Older people hit hardest by disasters - report

by Kieran Guilbert | KieranG77 | Thomson Reuters Foundation
Sunday, 12 October 2014 22:01 GMT

In this 2005 file photo a man sits on the porch of his house in front of the Memorial Medical Center of New Orleans, United States. REUTERS/Carlos Barria

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Older people suffer disproportionately from disasters, yet are often excluded from disaster management planning

By Kieran Guilbert

LONDON, Oct 13 (Thomson Reuters Foundation) - When Hurricane Katrina struck New Orleans in the United States in 2005, three-quarters of the people it killed were over 60.

Five years later, when Japan was hit by an earthquake and tsunami, 56 percent of the people who died were 65 or older.

Older people suffer disproportionately from floods, cyclones, typhoons, heatwaves and other disasters, yet are often excluded from disaster management planning, according to a report released on Monday.

The report by the United Nations Office for Disaster Risk Reduction (UNISDR) and HelpAge International comes at a time when life expectancy continues to rise and the ageing population continues to grow.

The report urged governments worldwide to include older people in all aspects of disaster management planning to reduce the death toll among those over 60.

"The older person is often invisible in our communities until they show up in the mortality figures after a disaster event," said head of UNISDR, Margareta Wahlström.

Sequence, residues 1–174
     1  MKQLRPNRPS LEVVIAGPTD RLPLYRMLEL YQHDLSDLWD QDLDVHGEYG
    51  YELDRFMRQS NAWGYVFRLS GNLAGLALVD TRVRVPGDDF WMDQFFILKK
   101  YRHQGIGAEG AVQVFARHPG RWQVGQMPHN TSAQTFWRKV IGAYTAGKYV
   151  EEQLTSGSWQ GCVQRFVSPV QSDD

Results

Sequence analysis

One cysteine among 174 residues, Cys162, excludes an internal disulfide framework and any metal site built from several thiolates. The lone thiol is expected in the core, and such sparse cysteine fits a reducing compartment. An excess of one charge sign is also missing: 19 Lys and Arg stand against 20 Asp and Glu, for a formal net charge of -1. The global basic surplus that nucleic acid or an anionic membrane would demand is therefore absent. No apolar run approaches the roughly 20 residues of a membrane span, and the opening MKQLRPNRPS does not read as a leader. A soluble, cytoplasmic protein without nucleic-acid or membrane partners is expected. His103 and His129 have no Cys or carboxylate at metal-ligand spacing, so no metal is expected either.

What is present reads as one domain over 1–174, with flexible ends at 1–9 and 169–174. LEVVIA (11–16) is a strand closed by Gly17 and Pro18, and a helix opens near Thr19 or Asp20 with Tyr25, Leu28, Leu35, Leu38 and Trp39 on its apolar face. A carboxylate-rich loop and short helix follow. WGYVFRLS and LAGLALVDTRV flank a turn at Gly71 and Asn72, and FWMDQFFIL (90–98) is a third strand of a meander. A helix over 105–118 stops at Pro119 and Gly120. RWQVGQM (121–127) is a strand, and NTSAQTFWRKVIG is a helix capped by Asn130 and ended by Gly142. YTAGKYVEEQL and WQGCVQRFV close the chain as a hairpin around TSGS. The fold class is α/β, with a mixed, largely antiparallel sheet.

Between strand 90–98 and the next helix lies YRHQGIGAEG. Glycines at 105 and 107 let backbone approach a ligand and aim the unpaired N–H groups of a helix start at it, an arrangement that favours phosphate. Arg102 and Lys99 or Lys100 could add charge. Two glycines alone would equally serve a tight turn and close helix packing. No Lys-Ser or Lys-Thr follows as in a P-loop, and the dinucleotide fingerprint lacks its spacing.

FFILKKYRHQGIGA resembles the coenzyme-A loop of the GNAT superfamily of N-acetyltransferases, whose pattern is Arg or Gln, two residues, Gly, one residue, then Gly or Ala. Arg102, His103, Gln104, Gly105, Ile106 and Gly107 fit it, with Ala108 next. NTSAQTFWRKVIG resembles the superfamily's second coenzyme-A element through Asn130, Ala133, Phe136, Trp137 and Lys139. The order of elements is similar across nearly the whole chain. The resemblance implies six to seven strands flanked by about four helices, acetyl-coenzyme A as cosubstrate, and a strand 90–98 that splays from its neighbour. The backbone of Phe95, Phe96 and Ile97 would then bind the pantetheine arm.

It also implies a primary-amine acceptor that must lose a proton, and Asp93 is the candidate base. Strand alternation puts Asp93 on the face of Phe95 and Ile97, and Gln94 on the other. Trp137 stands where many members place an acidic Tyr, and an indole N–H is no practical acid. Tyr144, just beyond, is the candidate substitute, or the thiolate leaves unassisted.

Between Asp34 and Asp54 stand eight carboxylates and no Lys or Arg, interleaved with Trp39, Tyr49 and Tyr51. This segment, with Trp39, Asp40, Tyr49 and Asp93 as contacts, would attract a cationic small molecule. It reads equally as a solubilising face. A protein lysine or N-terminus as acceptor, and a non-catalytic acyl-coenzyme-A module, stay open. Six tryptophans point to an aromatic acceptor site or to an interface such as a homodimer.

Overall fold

"The world needs to become more acutely aware of how to protect older persons as the climate changes and the ageing population is exposed to more extreme events," she said in a statement.

According to the United Nations, the number of people over 60 will double to two billion by 2050, accounting for more than 20 percent of the world's population.

"Older people bear the initial brunt of disasters often because they cannot flee," said HelpAge International Chief Executive Toby Porter in a statement.

"This is compounded by the lack of essential medications for older people, such as to treat diabetes, being available after disasters."

The report said a survey of 287 older people from 60 countries, showed that 58 percent of them did not know who was responsible for disaster planning in their communities and 68 percent of them did not take part in such activity.

UNISDR and HelpAge called on governments to sign up to a charter committing them to include older people in disaster risk reduction, including early warnings, disaster supplies and evacuation procedures.

(Reporting By Kieran Guilbert)

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